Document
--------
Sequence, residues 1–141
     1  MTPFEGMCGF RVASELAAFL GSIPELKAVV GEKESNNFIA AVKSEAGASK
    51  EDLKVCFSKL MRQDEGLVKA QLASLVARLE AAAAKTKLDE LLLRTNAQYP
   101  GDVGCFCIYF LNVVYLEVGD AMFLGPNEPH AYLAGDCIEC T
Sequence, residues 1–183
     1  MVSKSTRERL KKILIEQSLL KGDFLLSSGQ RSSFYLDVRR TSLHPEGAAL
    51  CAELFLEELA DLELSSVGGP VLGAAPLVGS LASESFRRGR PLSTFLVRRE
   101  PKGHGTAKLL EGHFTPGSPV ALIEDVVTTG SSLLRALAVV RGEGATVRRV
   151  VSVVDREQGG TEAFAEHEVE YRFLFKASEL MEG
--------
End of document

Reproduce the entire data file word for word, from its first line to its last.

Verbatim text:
Sequence, residues 1–141
     1  MTPFEGMCGF RVASELAAFL GSIPELKAVV GEKESNNFIA AVKSEAGASK
    51  EDLKVCFSKL MRQDEGLVKA QLASLVARLE AAAAKTKLDE LLLRTNAQYP
   101  GDVGCFCIYF LNVVYLEVGD AMFLGPNEPH AYLAGDCIEC T
Sequence, residues 1–183
     1  MVSKSTRERL KKILIEQSLL KGDFLLSSGQ RSSFYLDVRR TSLHPEGAAL
    51  CAELFLEELA DLELSSVGGP VLGAAPLVGS LASESFRRGR PLSTFLVRRE
   101  PKGHGTAKLL EGHFTPGSPV ALIEDVVTTG SSLLRALAVV RGEGATVRRV
   151  VSVVDREQGG TEAFAEHEVE YRFLFKASEL MEG